This is the sixth installment in a series that looks at the greatest players in franchise histories, based on Wins Above Replacement.
This list was originally published in March of 2020.
Maybe only three or four pitchers could throw a baseball as hard as Maloney in the 1960s. The Fresno native signed with Cincinnati for a reported $100,000 in 1959 when he was 19 years old. A year later he was in the Cincy rotation, three years after that he won 23 games. His fastball was clocked at 99 miles per hour (probably 101-102 using more accurate methods today), and in 1965 he threw a pair of no-hitters (though one of them is not considered a no-no under modern rules). He added an official second no-hitter in 1969, when he was still just 29 years old and in his tenth big league season.
His shoulder blew up basically, and Maloney’s career was over at the age of 31. He probably had the best raw stuff of anyone to ever put on a Cincinnati uniform, with the possible exception of Jose Rijo.
Given his role on the 1990 World Series champions, Rijo might be the most popular pitcher in franchise history. He dominated his two starts in the World Series against the A’s, allowing just nine hits combined as the Reds stunned Oakland in a four-game sweep.
After several arm and shoulder injuries, Rijo was out of the majors for five years in his early thirties, but made a remarkable comeback. In 2001, he returned to the major leagues as a relief pitcher with the Reds. By doing so, he became the first player to appear in a game after receiving a Baseball Hall of Fame vote since Minnie Miñoso in 1976.
For my money, the best nickname in the history of baseball belongs to Mullane, who was known as “The Apollo of the Box.” Of course, it was the newspapers who called Mullane that, it really isn’t practical for teammates to call someone “Apollo” without laughing out loud.
One of the great secrets of early baseball that’s lost on modern fans is the fact that the rules changed significantly almost every year before 1901. When Mullane first picked up a baseball to pitch professionally, the mound was low but also five feet closer to the plate than it is now. The foul ball rule changed (several times), and the baseball itself was different practically from game to game. All of that is to say: we must take 19th century statistics with a grain of salt when comparing those players to those who came later.
Mullane averaged 34 wins in his first three full seasons, but of course he was making about 55 starts per season. He was suspended one season for violating his contract, but came back with Cincinnati (then in the American Association) and averaged 30 wins his first three years as a Redleg. As a result, he has 284 wins for his career, one of the highest totals by a pitcher not in the Hall of Fame. But Mullane was probably not much better a pitcher than Don Gullett, just luckier.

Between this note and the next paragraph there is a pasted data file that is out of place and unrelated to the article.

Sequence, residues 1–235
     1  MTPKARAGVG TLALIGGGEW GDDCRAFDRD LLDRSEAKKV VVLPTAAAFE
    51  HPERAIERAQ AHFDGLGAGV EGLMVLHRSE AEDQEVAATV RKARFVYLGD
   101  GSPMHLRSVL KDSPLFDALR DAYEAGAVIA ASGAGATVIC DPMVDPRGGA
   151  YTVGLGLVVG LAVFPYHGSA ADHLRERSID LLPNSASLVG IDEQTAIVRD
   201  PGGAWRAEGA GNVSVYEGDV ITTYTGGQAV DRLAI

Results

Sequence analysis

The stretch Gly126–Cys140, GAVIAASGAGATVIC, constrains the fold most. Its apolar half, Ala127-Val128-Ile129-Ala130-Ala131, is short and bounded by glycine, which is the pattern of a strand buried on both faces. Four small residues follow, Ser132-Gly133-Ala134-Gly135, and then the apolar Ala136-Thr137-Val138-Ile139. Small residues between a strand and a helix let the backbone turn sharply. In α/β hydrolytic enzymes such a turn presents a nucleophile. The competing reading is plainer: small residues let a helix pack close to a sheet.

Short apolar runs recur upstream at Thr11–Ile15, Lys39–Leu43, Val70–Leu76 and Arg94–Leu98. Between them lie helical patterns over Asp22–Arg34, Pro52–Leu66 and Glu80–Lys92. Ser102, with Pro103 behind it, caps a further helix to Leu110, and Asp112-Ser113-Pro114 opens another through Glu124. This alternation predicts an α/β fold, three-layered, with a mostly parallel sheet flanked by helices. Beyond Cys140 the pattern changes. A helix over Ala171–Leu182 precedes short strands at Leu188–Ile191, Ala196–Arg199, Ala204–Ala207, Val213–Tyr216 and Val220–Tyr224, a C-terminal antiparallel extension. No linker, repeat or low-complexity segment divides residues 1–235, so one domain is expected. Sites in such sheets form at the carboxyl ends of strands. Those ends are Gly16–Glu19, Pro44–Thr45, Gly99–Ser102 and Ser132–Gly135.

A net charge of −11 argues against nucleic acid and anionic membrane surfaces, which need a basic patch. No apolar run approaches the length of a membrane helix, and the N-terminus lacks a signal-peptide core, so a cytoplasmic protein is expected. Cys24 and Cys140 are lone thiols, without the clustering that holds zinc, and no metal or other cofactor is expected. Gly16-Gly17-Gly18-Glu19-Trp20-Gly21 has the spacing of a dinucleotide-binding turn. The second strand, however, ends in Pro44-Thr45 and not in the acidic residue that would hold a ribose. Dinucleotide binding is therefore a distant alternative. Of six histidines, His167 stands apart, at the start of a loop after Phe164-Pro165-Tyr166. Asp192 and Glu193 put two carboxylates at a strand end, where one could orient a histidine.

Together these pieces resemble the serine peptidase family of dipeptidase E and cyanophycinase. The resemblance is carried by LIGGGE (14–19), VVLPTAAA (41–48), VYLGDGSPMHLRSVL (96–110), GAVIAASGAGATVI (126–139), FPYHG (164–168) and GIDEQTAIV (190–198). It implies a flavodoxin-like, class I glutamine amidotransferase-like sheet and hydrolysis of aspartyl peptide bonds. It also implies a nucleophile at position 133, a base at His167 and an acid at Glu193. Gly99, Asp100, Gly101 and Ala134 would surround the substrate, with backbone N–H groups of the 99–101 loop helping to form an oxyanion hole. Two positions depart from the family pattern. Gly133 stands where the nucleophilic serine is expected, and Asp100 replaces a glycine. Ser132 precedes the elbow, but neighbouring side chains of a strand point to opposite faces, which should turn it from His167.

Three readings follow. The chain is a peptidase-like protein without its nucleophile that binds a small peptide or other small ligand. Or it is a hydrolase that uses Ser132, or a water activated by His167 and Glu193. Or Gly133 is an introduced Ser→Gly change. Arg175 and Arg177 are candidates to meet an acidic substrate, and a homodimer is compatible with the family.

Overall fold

What sort of player was George Foster? He was the type of player that could steal home standing up (which he once did against the Braves) and also hit a home run into the upper deck at Three Rivers Stadium in Pittsburgh, where witnesses said they’d never seen a ball travel, not even in batting practice.
Pete Rose questioned Foster’s intensity. Charlie Hustle once said of his teammate: “George is in a class of his own—he and Mike Schmidt—as far as hitting home runs. But you have to do other things. You have to knock a wall down occasionally. You have to get your uniform dirty. I used to go through three uniforms a day. George uses three a month.”
An unusually tall man for his era, Rixey was a star basketball player for the University of Virginia before moving on to professional baseball. He left college due to the promise of $2,000 and went directly to the Phillies. In his second big league start the 21-year old southpaw fired a shutout against the Braves. He won 265 more over the next two decades, 179 of them for the Reds.
Rixey was one of those guys who was always one of the better pitchers in the league, but clearly never the greatest. There was Pete Alexander (his teammate for several years in Philly), and Wilbur Cooper, and also Burleigh Grimes, all superior pitchers. But Rixey maintained his position in the room, a sturdy presence for nearly twenty years. He won 19 games in 1921 when he allowed just one home run in more than 300 innings. The next season the tall lefty won 25, with 26 complete games. He tossed his last pitch for the Reds when he was 42, but usually toiled for mediocre teams.
Sort of the National League’s Ty Cobb. The proud, dour Edd Roush often battled the penny-pinchers in the front office for a pay raise. Like Cobb, Roush was a lefthanded hitter who preferred to hit the ball into the holes offered by the defense rather than swing from the heels.